Daniel Appleton opened his bookstore on Exchange Place near the Bowery in 1825. Selling mostly imported books, his business grew at a dizzying pace. He soon outgrew the shop, moving to Clinton Hall at Beekman Street in what would be the first a many moves.
Shortly after taking son William into the business in 1838 Appleton moved to No. 200 Broadway. A decade later he retired and William partnered with his brother, John Adams Appleton. The firm moved once again, this time to Broadway and Leonard Street; and then to Nos. 443 and 445 Broadway.
By the end of the Civil War D. Appleton & Company was more than a bookstore. It was one of the most successful publishers in the nation, producing school books, religious tracts, encyclopedias, and a wealth of other texts; along with stereopticon slides, pamphlets and cabinet photographs. Simultaneously the neighborhood around Greene and Grand Streets was rapidly transforming to one of commercial buildings.
Ann Howard had inherited a large amount of property in the area and in 1867 she commissioned architect Griffith Thomas to design a store and factory building at Nos. 90 through 94 Grand Street, on the northeast corner of Greene Street, as the new home of D. Appleton & Company. Thomas was already a well-known architect, having produced many beautiful structures. But he was not without his critics. Even in writing his obituary 22 years later--normally reserved for remembering only successes--The American Architect and Building News was surprisingly critical.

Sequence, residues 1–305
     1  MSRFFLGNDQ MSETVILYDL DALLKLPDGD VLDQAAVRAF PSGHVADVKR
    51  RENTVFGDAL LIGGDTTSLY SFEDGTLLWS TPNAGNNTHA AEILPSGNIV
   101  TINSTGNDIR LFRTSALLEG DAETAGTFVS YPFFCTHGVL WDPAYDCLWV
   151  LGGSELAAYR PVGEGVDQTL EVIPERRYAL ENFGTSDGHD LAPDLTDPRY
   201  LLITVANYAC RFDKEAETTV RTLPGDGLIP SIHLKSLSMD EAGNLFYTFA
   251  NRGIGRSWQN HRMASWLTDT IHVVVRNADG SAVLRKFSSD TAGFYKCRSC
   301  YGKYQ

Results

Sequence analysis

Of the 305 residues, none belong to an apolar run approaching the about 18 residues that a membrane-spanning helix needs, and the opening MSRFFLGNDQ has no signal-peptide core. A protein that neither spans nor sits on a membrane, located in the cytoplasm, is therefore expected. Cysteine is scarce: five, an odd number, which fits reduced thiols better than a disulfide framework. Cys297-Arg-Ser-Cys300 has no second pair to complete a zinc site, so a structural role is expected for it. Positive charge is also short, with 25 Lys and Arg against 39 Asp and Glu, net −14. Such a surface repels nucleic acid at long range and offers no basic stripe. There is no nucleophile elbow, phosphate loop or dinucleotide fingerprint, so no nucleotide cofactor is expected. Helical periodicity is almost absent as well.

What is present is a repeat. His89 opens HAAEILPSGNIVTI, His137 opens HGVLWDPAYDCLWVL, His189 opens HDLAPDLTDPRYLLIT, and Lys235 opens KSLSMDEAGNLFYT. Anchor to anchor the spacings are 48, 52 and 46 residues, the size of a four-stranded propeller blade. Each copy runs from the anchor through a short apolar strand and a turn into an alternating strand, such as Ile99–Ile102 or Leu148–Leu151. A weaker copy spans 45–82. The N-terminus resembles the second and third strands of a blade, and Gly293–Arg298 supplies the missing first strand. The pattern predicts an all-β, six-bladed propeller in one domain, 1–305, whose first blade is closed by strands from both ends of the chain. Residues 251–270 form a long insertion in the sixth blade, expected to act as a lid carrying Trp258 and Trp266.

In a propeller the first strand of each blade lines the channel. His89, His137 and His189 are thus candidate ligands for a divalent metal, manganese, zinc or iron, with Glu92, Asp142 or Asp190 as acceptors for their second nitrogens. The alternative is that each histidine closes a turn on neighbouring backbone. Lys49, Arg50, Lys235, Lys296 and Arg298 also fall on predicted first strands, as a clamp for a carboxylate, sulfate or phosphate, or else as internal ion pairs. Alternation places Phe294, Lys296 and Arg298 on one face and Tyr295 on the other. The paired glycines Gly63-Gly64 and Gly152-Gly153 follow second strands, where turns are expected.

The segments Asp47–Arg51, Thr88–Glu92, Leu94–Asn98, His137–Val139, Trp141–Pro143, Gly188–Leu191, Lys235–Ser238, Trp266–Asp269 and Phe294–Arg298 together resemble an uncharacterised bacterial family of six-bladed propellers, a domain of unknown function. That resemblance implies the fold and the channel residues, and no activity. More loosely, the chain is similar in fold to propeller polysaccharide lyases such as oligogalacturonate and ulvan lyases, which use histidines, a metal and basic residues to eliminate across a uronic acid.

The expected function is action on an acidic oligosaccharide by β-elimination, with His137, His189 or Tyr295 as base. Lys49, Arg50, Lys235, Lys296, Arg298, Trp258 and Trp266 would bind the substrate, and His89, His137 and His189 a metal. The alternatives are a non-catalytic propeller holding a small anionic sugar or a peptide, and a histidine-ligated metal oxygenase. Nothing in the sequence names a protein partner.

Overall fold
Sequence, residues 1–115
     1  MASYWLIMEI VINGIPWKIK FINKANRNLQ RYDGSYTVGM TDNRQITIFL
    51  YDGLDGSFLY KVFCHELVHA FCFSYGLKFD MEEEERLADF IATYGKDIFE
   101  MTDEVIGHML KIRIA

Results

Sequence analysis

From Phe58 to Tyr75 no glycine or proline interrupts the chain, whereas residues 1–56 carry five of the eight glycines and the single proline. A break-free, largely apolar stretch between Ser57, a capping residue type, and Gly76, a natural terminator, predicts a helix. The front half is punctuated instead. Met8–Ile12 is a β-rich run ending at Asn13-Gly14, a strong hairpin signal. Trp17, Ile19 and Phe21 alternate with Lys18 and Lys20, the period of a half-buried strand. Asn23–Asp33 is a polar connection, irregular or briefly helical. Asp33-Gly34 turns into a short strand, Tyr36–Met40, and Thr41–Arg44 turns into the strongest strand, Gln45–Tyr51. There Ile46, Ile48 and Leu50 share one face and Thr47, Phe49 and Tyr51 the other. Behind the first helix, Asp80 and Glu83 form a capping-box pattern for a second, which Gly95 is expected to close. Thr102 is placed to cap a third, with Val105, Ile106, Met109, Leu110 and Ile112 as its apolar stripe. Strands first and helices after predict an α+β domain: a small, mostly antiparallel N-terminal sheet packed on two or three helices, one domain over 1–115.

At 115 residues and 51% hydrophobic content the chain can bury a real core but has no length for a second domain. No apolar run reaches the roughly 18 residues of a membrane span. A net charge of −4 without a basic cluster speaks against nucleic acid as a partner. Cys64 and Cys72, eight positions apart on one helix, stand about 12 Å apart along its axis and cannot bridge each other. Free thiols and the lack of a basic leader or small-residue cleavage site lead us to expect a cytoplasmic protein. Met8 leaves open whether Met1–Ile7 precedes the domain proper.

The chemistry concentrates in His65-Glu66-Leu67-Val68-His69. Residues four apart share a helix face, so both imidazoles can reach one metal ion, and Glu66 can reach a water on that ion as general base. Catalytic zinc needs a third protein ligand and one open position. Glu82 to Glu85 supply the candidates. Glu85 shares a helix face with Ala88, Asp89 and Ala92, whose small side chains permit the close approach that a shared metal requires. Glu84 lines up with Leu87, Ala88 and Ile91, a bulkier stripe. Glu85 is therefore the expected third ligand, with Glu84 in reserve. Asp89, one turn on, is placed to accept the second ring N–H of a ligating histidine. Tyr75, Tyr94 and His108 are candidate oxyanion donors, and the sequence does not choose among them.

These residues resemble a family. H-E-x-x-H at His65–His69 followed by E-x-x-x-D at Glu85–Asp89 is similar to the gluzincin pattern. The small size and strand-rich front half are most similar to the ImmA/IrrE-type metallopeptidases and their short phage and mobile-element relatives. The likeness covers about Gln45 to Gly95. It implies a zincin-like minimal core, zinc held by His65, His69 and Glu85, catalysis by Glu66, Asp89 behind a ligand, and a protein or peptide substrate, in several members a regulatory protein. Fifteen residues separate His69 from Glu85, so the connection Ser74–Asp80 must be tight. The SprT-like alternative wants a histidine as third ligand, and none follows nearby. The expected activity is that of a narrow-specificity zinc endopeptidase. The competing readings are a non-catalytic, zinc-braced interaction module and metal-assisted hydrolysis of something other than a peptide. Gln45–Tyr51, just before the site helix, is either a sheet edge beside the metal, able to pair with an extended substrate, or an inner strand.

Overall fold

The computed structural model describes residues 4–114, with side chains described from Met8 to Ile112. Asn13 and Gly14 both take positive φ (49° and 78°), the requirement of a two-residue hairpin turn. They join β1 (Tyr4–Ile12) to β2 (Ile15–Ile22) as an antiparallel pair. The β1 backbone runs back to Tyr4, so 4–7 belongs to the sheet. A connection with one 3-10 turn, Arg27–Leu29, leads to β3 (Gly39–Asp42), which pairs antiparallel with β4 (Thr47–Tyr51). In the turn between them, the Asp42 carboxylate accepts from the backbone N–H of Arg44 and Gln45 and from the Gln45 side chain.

While the article admitted "he has done more to build up this city in the past forty years than any two men in the same line of effort," it flatly added "Much may be said in his favor, very much indeed, but on the other hand it is not to be denied that much of his work was commonplace."
The writer could have been speaking specifically of the Appleton & Company building. While it conceded that Thomas carried out "magnificent architectural ideas;" the completed Grand Street building was typical of his work. While a handsome and refined structure, five stories high and faced in stone, it was not out of the ordinary for commercial structures. The design included an attractive cast iron base for the retail store; and while essentially Italianate in style--including the triangular pediment above the bracketed cornice--it revealed splashes of the newly-emerging French influence such as the segmental-arched openings of the upper floors.